One of the biggest challenges retailers are struggling with today is e-commerce. Many of the nation’s top name retailers are assessing their recent Black Friday/Cyber Monday performances. Most are struggling to determine how consumers want to receive their online orders – do they want to have them delivered, do they want to pick them up and save on the delivery cost, do they want both options?
Understanding what customers want is a big challenge. Retailers also need to know how they can economically deliver the goods if customers want same-day delivery. There are plenty of questions that retailers need to answer, and they need the expertise of their supply chain to get these answers.
I noted in this space last week that Cyber Monday bypassed the f&b sector, and that this wasn’t bad news for f&b since e-commerce sales have so far proven highly problematic for many retailers. While this is true, it doesn’t mean that e-commerce is not important for the f&b sector.
Many people in the food and beverage industries I have spoken with recently think the e-commerce challenge is less pressing for them than other retailers since e-commerce plays a very small role in f&b purchases. The thinking here holds that the hard goods retailers will suffer through the challenges of understanding the e-commerce supply before e-commerce becomes a big part of f&b retailing. This thinking could prove to be short sighted for f&b retailers.
A report in today’s Business Insider notes that groceries are the biggest untapped opportunity for e-commerce. The report claims that while only 1 percent of groceries are purchased online at present, the online grocery market will witness a 21 percent compound annual growth rate from 2013 through 2018, outpacing other product categories.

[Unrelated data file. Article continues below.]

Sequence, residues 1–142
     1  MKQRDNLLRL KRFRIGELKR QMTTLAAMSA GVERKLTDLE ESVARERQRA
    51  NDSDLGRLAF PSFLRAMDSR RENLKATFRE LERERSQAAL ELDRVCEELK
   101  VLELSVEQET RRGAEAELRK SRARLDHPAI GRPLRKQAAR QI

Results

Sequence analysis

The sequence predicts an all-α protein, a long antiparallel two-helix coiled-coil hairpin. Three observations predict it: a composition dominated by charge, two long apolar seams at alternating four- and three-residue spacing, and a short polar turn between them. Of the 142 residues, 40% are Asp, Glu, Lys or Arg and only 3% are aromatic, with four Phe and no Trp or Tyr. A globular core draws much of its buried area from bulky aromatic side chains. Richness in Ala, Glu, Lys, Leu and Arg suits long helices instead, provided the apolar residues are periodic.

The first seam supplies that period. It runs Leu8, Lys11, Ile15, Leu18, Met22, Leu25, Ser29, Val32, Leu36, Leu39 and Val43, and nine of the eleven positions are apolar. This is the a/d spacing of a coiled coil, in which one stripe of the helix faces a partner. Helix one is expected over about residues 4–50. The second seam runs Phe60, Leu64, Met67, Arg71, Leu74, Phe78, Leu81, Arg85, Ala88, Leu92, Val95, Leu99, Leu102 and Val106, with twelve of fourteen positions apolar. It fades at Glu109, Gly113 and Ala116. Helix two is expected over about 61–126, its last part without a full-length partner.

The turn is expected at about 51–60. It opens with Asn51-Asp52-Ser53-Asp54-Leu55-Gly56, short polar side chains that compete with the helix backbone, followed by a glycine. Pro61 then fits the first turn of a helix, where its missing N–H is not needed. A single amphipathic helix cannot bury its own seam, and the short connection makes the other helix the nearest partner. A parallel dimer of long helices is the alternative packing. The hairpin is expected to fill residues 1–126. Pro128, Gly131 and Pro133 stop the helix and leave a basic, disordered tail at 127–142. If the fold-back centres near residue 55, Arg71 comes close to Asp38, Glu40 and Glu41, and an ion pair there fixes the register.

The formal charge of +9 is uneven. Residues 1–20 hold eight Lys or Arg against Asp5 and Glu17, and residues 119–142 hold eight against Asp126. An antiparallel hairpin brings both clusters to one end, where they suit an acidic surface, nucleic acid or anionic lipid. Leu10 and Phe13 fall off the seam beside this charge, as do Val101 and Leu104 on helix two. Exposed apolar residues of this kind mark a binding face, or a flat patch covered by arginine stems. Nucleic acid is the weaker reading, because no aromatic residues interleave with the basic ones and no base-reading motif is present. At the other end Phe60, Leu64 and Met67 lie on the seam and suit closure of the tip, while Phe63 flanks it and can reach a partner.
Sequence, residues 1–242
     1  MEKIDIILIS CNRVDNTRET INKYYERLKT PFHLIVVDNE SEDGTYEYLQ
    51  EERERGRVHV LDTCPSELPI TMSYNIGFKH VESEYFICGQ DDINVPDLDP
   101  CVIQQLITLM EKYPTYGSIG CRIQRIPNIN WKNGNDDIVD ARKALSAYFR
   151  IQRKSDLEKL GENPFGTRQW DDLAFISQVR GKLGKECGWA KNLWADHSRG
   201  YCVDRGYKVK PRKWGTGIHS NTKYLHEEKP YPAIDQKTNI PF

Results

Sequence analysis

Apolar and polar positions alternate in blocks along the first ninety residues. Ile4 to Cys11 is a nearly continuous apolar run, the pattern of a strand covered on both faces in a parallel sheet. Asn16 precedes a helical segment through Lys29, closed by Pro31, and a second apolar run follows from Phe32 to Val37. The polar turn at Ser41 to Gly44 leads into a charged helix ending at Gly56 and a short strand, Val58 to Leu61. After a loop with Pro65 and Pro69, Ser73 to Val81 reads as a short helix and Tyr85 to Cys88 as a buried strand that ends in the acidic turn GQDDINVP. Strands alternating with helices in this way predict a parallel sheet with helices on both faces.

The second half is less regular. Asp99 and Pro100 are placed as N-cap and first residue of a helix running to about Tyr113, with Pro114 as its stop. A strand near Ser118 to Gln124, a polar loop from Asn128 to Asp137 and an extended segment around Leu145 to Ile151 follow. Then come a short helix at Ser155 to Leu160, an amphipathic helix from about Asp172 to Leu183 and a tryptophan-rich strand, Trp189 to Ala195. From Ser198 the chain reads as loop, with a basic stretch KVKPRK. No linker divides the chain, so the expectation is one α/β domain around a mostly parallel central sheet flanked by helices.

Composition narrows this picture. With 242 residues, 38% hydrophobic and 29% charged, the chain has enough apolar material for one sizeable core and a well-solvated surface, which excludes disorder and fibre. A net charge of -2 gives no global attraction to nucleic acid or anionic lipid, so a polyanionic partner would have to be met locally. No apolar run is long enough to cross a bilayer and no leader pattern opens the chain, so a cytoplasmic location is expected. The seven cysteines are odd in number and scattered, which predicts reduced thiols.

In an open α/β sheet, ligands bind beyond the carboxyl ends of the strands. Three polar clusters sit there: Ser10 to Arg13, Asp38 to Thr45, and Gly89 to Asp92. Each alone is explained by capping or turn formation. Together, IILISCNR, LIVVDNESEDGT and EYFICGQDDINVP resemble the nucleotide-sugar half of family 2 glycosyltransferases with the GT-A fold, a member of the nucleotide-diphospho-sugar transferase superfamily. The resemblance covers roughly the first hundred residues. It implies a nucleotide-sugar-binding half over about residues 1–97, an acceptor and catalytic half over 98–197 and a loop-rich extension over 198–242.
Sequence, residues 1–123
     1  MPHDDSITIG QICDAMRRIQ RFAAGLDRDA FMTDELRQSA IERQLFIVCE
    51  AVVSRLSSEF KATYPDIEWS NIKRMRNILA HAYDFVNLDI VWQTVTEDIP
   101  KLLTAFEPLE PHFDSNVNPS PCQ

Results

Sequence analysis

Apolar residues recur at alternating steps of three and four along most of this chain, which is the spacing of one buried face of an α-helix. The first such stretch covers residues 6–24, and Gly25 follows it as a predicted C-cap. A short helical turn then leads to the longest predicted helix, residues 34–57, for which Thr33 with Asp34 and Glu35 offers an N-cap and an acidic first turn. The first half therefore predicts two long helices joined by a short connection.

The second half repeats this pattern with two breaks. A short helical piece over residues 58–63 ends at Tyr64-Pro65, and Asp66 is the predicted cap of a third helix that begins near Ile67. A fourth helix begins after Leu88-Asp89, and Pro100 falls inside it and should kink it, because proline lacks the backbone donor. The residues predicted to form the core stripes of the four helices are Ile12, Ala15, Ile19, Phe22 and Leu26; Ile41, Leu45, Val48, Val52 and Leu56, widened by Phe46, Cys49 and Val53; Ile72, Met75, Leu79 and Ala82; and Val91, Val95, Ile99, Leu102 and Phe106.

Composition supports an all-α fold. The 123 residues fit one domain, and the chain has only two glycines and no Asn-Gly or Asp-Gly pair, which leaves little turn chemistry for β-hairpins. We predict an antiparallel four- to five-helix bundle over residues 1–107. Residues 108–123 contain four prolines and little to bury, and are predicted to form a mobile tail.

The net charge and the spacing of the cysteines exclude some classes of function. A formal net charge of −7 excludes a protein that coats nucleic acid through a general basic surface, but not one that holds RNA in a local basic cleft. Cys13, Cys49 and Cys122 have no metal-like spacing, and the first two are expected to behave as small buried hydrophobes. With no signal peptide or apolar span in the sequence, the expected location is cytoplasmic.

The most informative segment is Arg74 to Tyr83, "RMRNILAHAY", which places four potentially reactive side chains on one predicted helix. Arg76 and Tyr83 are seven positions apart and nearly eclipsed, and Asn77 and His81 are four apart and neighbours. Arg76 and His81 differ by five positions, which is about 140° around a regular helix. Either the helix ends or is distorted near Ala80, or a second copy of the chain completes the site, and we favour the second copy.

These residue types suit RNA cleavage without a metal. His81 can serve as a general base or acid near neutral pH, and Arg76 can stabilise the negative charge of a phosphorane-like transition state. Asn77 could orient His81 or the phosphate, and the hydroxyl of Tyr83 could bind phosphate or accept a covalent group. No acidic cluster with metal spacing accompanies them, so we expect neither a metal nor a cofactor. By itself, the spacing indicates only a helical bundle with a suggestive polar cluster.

All retailers – food and non-food – have to address the delivery challenges. An article in the November/December Food Logistics on f&b e-commerce will examine how f&b retailers are examining the delivery choices– home delivery, in-store pickup, delivery to a “locker” site, and a combination of these options.
Today’s Wall Street Journal reports that before retailers can introduce home delivery, they need to first provide in-store pickup. The article notes there is now an acronym for this “buy online pick up in store” – BOPIS. The article also notes that executing same-day delivery requires having a precise, real-time view of the merchandise in stock and training employees how to find and deliver orders.
Food and beverage retailers have just as much to gain or lose from e-commerce as hard good retailers. The in-store pick up gives retailers an opportunity to snag additional sales when the customer picks up their online order. The ability to execute online orders gives a chance to improve customer loyalty.
The f&b industry certainly has its own unique issues relating to e-commerce, such as freshness, higher susceptibility to damage and exceptionally low profit margins compared to other packaged goods. Like other retailers, f&b retailers need to understand the most effective e-commerce business practices before investing heavily in e-commerce.
Retailers who are conducting these tests are discovering new ways to improve customer relationships.
The e-commerce could well bring the biggest change in grocery retailing in 90 years, Business Insider notes.